Unsurprisingly, the fire department was unwilling to budge when it came to factory safety, so we needed to create a new firewall to become code compliant:

"[They were like], 'What if the building's on fire?' and we're like, 'I don't know. What do you want us to do? Build a wall down the center of the building?' They're like, 'Actually, yes. That's exactly what we want you to do.' And so now we're building a giant firewall down the center of the building." - RT Custer

We care about safety, and we're obviously going to comply with the fire department's requirements, but the new construction set us back financially. 

The firewall requirement is obligatory for buildings over 5,000 square feet that don't use fire sprinklers:

"If your [building is] under 10,000 square [feet] — which … we're about 8,600 total square feet — you don't have to wet sprinkle, but if you're not gonna sprinkle, you need to split the building into 5,000-square-feet-or-less sections separated by a firewall." - Tyler Wolfe 

 Fortunately, this new construction also serves a practical purpose for our business — it will separate the manufacturing section of the building from the admin office space.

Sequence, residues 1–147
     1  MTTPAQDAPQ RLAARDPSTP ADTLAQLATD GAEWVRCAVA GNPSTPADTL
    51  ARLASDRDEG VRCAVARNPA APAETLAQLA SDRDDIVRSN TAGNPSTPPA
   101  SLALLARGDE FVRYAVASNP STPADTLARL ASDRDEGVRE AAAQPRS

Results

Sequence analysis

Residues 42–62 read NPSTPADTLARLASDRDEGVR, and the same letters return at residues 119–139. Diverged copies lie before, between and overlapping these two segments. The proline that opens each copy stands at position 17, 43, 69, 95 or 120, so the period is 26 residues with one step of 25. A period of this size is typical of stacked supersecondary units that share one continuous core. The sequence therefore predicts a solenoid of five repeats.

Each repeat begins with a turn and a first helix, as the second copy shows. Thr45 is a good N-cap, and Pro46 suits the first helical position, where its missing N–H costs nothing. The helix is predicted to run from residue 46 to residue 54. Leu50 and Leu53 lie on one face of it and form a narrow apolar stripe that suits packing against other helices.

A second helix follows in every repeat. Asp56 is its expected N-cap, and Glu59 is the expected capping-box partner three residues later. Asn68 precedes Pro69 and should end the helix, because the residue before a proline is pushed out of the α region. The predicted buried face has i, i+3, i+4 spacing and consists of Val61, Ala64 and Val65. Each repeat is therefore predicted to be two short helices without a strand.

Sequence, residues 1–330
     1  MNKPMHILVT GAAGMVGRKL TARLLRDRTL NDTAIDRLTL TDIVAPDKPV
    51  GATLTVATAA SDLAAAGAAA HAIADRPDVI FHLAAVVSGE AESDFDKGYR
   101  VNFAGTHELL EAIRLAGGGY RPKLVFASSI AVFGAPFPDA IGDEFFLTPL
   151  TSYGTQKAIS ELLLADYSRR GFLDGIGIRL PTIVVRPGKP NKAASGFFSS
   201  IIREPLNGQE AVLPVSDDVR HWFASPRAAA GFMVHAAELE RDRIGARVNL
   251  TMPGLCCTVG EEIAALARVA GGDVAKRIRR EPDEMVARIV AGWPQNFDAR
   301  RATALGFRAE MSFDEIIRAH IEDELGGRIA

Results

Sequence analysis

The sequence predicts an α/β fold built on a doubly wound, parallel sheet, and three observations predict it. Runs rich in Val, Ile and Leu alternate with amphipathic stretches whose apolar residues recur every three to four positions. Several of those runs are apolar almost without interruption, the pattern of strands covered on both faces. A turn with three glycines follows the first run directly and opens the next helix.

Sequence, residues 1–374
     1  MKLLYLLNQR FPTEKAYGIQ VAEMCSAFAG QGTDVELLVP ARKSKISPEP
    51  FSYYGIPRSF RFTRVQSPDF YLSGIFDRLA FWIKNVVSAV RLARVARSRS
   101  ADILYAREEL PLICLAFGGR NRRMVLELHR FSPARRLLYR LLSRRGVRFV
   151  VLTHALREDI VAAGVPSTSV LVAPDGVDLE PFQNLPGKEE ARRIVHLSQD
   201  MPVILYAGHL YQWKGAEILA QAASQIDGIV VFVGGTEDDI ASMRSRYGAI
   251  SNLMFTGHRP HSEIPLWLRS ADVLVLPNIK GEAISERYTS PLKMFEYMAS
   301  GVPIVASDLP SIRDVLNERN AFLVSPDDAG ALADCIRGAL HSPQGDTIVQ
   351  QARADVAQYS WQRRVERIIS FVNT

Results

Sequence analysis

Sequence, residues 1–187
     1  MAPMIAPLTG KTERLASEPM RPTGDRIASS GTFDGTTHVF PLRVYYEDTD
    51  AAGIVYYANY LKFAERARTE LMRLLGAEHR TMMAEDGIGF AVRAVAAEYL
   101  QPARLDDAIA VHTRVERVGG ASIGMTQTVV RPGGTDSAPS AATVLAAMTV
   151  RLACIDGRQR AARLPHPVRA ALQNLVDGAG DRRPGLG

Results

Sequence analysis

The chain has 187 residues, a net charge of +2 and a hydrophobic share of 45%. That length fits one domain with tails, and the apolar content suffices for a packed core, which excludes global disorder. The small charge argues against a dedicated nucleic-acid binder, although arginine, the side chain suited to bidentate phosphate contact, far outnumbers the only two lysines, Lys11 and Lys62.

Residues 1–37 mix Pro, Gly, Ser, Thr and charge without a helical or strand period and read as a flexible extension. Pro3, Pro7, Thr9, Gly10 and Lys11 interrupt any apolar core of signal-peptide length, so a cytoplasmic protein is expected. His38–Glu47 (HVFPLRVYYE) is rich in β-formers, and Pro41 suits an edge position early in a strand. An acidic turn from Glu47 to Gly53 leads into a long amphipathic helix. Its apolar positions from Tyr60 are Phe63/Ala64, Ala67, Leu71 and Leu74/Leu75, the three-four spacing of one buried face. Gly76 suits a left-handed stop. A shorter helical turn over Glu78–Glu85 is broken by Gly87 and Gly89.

Vortic Laser in the Shop

In addition to adding a firewall, we're also working on other new constructions. When we shot this episode, we actually had someone working in our ceiling — hence the episode's title — and a crew working on constructing a fence outside. 

The crew is using the same fence materials as we have in our patio space up front. We're incredibly excited about our nice patio space, and we intend to grill out when the weather isn't below freezing.  

Our New Machines for Manufacturing

Tyler's been in the process of hunting down new machines, and — as we mentioned in the last episode — he tracked down some exceptional used DMG machines to produce our watch cases: